Total quality assurance for the food industries 3rd Edition

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The following is a list, a brief explanation, and a simplified example of each.

Quality Management: Important Aspects for the Food Industry

Special charts: Sequential, trend analysis. Flow Chart A picture of a process, using engineering symbols, pictures, or block diagrams, which indicates the main steps of a process Figure Cause and Effect Diagram A pictorial representation of the main inputs to a process, problem or goal, with detailed sub-features attached to each of the main inputs Figure Also referred to as Ishikawa or fishbone diagrams.

Control Chart Variable and Attribute A graph of a process characteristic plotted in sequence, which includes the calculated process mean and statistical control limits Figure Figure Cause and effect diagram. Control chart. Check sheet. Pareto chart. Scatter diagram. Histogram A diagram of the frequency distribution of a set of data observed in a process Figure The data are not plotted in sequence, but are placed in the appropriate cells or intervals to construct a bar chart. Check Sheet Generally in the form of a data sheet, used to display how often specific problems occur Figure Pareto Charts A bar chart illustrating causes of defects, arranged in decreasing order.

Superimposed is a line chart indicating the cumulative percentages of these defects Figure Scatter Diagrams A collection of sets of data which attempt to relate a potential cause X-axis with an effect Y-axis Figure Data are collected in pairs at random. The Quality Department in a food manufacturing company may be the last one to assemble a written system. Therefore, there is no need to further formalize quality procedures.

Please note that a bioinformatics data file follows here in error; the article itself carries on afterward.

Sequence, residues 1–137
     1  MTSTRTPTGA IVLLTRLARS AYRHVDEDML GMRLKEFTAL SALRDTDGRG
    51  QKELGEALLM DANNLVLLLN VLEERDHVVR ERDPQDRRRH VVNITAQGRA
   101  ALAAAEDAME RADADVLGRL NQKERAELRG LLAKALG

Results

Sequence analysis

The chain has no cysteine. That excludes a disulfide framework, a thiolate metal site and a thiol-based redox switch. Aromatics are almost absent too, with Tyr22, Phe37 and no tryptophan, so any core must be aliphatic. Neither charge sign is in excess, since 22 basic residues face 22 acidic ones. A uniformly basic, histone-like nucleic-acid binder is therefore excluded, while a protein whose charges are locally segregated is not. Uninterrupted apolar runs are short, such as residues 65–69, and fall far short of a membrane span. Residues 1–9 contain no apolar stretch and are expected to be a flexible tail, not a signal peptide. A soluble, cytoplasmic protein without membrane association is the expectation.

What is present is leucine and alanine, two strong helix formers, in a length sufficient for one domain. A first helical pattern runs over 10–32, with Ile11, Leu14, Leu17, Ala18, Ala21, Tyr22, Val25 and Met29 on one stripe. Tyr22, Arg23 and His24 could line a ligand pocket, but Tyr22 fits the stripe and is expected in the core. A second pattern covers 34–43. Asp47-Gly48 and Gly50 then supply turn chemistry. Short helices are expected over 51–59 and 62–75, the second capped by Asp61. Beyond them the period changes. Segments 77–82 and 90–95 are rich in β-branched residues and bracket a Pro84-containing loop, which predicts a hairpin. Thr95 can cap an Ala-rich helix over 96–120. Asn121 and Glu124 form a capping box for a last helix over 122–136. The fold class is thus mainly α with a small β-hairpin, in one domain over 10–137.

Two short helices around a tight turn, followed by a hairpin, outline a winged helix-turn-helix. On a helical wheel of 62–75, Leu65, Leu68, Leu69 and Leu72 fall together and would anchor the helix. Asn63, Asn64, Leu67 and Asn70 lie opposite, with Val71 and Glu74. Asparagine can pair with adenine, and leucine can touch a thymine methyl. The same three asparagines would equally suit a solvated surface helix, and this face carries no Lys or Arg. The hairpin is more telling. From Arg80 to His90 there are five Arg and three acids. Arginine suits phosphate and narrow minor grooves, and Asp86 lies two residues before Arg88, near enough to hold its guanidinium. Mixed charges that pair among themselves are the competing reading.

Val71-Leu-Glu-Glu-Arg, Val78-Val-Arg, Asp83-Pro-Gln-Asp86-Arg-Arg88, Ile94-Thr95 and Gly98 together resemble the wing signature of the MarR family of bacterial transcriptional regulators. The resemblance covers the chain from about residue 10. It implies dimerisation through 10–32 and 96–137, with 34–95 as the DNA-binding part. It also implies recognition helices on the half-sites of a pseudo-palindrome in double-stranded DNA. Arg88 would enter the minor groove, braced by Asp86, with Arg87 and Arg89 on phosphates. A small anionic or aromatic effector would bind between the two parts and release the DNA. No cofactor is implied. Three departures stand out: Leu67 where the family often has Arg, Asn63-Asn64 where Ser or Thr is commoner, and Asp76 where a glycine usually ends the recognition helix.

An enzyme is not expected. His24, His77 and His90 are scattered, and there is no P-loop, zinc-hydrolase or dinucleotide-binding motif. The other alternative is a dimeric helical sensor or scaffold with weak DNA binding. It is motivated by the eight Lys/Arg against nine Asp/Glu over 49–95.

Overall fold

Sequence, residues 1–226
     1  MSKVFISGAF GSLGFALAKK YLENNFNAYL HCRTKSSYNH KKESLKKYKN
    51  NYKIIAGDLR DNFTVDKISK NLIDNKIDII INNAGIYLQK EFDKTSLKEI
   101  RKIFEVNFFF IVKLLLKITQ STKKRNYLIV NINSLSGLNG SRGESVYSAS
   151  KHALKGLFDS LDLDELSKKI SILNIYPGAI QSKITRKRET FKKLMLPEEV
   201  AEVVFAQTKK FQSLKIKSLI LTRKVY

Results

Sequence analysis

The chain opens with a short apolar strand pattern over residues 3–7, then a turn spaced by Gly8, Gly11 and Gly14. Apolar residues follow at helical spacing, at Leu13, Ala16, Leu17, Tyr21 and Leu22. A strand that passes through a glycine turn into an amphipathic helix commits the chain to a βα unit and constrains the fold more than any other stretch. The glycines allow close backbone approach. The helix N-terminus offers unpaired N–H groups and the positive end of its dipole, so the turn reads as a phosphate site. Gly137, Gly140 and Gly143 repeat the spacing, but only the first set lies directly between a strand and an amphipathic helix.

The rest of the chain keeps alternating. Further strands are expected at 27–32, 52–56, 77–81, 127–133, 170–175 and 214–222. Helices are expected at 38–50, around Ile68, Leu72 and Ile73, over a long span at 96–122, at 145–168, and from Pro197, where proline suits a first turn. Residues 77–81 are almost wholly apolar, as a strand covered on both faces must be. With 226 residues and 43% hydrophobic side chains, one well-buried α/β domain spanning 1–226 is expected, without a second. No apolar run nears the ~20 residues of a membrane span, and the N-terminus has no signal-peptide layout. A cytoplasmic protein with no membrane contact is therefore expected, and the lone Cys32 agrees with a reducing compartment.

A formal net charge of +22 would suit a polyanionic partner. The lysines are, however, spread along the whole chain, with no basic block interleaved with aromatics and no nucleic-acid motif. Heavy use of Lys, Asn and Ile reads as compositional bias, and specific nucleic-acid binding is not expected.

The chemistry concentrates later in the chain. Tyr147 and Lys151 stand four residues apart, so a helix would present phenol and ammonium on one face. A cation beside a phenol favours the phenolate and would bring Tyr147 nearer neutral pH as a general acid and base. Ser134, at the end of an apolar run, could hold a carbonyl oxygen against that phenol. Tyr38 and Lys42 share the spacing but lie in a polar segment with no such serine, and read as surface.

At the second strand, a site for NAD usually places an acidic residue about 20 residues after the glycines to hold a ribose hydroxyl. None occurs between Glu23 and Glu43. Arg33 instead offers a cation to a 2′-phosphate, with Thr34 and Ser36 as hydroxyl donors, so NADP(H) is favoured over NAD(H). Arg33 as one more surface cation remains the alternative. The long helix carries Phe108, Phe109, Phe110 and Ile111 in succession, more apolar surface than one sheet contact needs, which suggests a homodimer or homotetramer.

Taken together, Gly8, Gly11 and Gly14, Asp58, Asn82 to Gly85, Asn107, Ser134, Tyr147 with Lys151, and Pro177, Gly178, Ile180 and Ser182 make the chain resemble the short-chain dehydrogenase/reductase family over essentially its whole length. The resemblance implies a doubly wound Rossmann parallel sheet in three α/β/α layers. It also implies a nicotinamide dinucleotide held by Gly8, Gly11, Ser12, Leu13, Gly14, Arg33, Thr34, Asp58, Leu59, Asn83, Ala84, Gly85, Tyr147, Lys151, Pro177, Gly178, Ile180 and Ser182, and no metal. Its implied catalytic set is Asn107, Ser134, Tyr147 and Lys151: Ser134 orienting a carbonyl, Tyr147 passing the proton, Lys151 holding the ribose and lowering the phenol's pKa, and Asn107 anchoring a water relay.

If You're an Educator

It might be risky to change the existing system. Head in the sand! A formalized system tends to slow things down.

If You're a Student

Absence of a system may bring things to a standstill! These excuses might be applied equally to other departments within a food company accounting, personnel or distribution , but companies generally have rigorous formalized procedures for these departments. The Quality Department has frequently been overlooked in this respect, partly because it is a relatively new discipline. Prior to that time, the Society, the professional organization dedicated to promotion of quality control in industry, had no recommendations specifically for the food industry. Until the s, few colleges or universities offered degrees in statistical quality control.

In fact, few even offered classes in this subject.

As a direct result, quality control was far too often mistakenly considered to be concerned with inspection, sorting, sanitation management, and monitoring the retorting process for low acid canned foods. Quality control in the food industry, under these conditions, quite naturally was regarded as a cost center which contributed to overhead, rather than as a potential profit center which contributed to savings.

From a series of successes at home and abroad in quality control—quality improvement, process improvement, productivity improvement, reduction in cost of scrap, rework, and product giveaway—the reputation of properly organized and operated quality control departments has gradually changed from a "cost generator" to a "profit center. The cost to remedy design failures is minimized when these shortcomings are detected at the concept or prototype stages of development.